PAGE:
Twitter recently made it possible to get a verification check added to an account by just paying 8 dollars, causing a rash of fake 'verified' accounts. One of these accounts was for Eli Lilly, a company that provides life saving medication at generally high prices. The fake account claimed that Eli Lily would be providing insulin to everyone for free, a tweet that got spread virally and which lead to a very noticeable drop in stock price for the real company.

The news has implied Twitter would face serious repercussions for this, but I'm curious what their actual legal status is. I thought the law protected social media providers from what their users said, is the fact that Twitter allowed a verified check somehow make twitter more liable? Could Eli Lilly actually sue Twitter for enabling their customer to do something harmful like this?

Separate from the risk of being sued I believe twitter is under at least two orders from the FTC that may have been violated and thus may lead to penalties?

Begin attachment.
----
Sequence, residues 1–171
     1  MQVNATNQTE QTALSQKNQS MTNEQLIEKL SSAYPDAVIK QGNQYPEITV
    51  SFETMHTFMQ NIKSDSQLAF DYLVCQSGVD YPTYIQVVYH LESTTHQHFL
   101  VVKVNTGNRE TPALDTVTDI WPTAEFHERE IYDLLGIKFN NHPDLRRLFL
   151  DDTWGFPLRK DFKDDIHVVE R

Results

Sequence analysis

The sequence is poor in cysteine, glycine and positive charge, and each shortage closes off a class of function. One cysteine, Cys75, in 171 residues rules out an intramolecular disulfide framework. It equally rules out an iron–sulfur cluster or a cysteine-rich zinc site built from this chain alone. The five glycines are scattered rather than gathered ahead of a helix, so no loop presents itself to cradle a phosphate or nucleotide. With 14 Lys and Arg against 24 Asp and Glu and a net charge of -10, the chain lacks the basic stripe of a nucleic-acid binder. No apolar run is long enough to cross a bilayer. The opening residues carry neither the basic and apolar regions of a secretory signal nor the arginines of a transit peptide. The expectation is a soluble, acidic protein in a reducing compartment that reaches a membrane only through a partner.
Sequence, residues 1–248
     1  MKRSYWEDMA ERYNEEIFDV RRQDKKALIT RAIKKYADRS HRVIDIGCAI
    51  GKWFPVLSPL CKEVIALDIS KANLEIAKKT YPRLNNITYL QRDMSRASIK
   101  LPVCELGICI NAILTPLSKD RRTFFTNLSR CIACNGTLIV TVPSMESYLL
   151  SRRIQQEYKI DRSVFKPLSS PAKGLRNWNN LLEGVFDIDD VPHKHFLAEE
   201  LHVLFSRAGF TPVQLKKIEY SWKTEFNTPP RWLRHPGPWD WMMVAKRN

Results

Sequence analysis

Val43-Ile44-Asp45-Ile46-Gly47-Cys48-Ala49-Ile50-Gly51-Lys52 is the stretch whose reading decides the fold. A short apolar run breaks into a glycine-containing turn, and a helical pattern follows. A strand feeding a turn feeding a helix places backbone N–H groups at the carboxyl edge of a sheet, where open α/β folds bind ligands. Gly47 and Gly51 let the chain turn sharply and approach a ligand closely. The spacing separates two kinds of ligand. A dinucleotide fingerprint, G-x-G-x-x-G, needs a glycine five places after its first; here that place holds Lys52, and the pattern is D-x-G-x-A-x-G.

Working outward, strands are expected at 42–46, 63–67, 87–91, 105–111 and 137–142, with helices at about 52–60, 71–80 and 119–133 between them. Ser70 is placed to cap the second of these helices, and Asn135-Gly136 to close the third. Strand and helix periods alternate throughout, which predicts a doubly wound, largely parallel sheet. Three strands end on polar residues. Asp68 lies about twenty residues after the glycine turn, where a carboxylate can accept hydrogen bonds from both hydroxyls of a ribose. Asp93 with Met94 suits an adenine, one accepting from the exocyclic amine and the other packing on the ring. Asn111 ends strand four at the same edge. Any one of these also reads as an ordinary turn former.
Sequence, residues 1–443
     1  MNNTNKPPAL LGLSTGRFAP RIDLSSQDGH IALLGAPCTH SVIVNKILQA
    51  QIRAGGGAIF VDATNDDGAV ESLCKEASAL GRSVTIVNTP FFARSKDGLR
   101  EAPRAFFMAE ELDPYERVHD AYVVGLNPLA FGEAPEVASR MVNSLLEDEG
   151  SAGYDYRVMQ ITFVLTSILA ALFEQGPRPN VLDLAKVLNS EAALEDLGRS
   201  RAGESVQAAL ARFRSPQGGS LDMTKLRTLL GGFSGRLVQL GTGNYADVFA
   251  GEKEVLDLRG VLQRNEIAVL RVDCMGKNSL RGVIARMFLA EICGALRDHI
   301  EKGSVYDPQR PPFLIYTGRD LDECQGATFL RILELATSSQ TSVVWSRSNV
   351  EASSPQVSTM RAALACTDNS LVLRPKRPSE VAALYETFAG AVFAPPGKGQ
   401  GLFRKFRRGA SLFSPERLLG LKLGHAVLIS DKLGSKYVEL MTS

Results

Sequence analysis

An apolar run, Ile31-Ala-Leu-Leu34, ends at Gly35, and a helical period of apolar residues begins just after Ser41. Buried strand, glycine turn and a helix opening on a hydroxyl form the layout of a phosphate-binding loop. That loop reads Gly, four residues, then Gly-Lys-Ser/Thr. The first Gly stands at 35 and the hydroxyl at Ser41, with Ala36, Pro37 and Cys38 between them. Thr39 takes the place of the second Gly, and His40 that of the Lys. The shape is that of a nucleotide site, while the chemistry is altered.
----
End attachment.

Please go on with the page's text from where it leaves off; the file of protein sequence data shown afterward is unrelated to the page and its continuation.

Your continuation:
Basically what is Twitter actual liability for this tweet, and what are the odds of actual financial cost to twitter-in terms of penalties and fees not loss of customer or advertisers- as a result of this tweet? How much could they face to lose?

  • Is Twitter itself under orders from the FTC (news to me) or is it specifically Musk (who had orders from the FTC, even before his ownership of Twitter was in the picture)?
    – sharur
    Nov 14, 2022 at 17:31
  • In order to seek damages, you would need to establish a causal relationship to the drop in stock price. Probably unlikely given the numerous possible other explanations of why it performed poorly on that particular day.
    – AlanSTACK
    Nov 14, 2022 at 18:13
  • 1
    @AlanSTACK I understand that problem, but even if they could create a casual relationship could they sue? I know there is a law that gives protection for social media companies from things their customers post, don't remember the name right now, so I was wondering if they could be sued even if a relationship could be proven
    – dsollen
    Nov 14, 2022 at 18:28
  • @sharur Twitter has them. I'm far from an expert in this stuff, but here is what I believe to be one of the agreements:ftc.gov/sites/default/files/documents/cases/2010/06/… I think there was a second one, according to some news reports I read, but quick googling didn't find it and I'm too out of my depth to know a good way of hunting it down.
    – dsollen
    Nov 14, 2022 at 18:32
  • This article refers to a more recent agreement, not sure where the actual text of that agreement are though: techcrunch.com/2022/05/25/…
    – dsollen
    Nov 14, 2022 at 18:35


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